The Problem of Complexity: Knowing Complexity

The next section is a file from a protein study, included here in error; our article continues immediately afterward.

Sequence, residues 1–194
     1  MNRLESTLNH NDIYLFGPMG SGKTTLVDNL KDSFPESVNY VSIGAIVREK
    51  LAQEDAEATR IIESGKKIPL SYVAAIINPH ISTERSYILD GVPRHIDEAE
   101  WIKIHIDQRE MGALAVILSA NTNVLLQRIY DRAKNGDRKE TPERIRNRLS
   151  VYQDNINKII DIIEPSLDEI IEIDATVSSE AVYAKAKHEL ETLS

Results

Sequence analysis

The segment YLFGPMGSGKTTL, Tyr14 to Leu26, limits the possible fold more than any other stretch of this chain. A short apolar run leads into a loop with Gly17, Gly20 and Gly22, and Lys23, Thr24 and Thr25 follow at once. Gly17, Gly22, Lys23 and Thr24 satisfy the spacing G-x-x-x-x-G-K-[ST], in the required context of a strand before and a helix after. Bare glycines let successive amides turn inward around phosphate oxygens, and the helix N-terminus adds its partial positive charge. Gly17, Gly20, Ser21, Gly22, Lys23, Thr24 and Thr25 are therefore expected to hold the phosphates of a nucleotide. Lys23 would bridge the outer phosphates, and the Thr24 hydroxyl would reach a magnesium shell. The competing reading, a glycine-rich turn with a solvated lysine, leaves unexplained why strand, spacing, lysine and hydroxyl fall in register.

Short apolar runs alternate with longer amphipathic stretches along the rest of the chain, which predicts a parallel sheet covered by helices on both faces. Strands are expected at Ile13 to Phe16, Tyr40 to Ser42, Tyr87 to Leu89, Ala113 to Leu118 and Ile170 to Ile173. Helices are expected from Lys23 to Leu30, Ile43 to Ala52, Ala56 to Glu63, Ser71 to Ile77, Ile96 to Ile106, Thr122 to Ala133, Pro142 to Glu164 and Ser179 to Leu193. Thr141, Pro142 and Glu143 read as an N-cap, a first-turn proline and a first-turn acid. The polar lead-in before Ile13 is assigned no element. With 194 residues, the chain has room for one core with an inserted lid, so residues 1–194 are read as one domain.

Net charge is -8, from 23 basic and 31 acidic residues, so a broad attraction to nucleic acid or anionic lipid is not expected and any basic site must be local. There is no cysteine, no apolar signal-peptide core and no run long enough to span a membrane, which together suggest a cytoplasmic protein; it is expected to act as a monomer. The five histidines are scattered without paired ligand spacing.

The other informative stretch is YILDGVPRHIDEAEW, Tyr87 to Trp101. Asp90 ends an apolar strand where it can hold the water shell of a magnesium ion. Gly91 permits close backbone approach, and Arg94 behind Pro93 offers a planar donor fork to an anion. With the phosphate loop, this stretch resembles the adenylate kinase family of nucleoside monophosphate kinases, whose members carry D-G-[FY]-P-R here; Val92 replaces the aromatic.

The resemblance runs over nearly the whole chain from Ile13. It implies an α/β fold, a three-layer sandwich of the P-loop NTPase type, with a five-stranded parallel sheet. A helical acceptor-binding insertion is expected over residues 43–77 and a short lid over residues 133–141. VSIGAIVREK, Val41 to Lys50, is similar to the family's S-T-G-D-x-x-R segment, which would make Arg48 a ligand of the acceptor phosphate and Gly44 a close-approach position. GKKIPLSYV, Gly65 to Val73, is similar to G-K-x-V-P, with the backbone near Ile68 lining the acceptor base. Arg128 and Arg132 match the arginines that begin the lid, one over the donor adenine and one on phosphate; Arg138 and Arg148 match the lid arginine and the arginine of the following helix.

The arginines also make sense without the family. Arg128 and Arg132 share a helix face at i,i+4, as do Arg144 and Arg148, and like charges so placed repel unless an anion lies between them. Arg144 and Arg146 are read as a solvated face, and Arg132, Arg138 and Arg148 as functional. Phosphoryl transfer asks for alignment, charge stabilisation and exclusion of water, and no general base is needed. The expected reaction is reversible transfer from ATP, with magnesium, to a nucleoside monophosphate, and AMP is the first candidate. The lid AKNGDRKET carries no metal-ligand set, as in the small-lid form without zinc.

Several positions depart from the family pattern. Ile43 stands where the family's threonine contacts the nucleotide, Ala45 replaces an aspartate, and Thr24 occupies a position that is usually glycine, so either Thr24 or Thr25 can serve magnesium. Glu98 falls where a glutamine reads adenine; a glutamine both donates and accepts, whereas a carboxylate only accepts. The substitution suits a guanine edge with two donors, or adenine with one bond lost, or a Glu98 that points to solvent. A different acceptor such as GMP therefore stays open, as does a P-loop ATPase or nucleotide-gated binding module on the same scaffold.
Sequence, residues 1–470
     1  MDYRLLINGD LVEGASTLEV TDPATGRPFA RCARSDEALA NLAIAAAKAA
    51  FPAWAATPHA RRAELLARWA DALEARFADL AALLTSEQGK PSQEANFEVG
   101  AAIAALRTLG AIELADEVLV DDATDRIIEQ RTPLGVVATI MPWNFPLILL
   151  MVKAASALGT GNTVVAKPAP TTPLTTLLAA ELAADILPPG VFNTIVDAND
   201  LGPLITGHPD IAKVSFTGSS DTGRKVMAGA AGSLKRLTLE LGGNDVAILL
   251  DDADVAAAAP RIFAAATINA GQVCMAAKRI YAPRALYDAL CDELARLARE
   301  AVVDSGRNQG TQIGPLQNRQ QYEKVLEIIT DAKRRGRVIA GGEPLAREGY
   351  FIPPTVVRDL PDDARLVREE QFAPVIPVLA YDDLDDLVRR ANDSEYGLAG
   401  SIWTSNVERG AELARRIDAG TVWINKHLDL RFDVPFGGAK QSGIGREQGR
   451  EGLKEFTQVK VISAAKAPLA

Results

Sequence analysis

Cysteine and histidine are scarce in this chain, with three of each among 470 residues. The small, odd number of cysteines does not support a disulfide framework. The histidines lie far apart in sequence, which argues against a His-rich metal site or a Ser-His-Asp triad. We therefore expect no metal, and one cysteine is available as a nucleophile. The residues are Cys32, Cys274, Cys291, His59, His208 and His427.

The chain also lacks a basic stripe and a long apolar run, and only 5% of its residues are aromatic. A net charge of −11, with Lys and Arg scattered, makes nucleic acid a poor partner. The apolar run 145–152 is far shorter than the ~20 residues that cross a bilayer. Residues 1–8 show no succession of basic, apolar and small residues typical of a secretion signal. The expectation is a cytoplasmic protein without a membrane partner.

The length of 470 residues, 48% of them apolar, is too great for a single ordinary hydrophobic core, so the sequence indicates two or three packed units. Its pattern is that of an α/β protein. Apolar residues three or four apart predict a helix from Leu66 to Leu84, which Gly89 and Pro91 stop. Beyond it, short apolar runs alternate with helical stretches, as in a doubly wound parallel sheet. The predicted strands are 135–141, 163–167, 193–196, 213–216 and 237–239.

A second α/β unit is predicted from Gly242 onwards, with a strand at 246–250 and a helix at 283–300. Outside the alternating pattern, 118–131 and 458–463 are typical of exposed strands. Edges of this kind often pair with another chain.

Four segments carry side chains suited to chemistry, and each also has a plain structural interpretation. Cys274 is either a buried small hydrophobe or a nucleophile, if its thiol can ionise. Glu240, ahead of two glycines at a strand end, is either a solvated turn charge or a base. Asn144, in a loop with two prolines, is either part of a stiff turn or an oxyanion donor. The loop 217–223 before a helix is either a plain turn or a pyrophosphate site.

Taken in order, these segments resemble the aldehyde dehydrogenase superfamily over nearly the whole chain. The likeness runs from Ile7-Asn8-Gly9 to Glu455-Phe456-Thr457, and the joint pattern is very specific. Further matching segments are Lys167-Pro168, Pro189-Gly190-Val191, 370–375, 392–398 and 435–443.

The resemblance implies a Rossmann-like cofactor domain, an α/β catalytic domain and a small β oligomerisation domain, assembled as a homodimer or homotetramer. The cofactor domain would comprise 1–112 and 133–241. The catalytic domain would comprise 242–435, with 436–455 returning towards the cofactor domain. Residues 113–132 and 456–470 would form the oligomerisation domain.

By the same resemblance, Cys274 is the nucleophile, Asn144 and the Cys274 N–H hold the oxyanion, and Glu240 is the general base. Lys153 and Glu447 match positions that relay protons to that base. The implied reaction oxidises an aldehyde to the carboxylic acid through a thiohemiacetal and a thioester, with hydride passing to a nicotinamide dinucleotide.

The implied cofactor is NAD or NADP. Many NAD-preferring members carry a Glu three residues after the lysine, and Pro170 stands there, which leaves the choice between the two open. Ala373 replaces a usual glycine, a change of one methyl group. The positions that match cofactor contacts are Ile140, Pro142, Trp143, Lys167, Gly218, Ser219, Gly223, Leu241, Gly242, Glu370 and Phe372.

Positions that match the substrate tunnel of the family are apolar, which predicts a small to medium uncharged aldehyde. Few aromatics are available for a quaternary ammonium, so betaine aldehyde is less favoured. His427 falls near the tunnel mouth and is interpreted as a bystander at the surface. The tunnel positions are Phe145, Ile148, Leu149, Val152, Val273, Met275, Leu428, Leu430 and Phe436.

There are two senses of 'reduction' at play in this article; you can see it precisely at the point where Keith Hamnon says "complexity reveals that knowledge always reduces reality." I don't know whether the origin of this confusion is in Rika Preiser's The Problem of Complexity: Re-Thinking the Role of Critique or in Hamon's own interpretation. It doesn't matter: it's worth taking time to clearly distinguish between them. The 'reduction' of anti-reductionism consists of the idea that all knowledge can be derived or deduced from a set of statements of a certain type. The classical example is the idea in logical positivism that all knowledge is based on logical inference from observation statements. This is different from another sort of 'reduction' that is really a type of abstraction, that is, you create a model of something by selecting a few key properties and representing those. When we 'reduce' something to a painting, or a story, or a causal explanation, that's what we are doing. These two types of 'reduction' are very different processes, their semantics are different, and the inferences they support are different.
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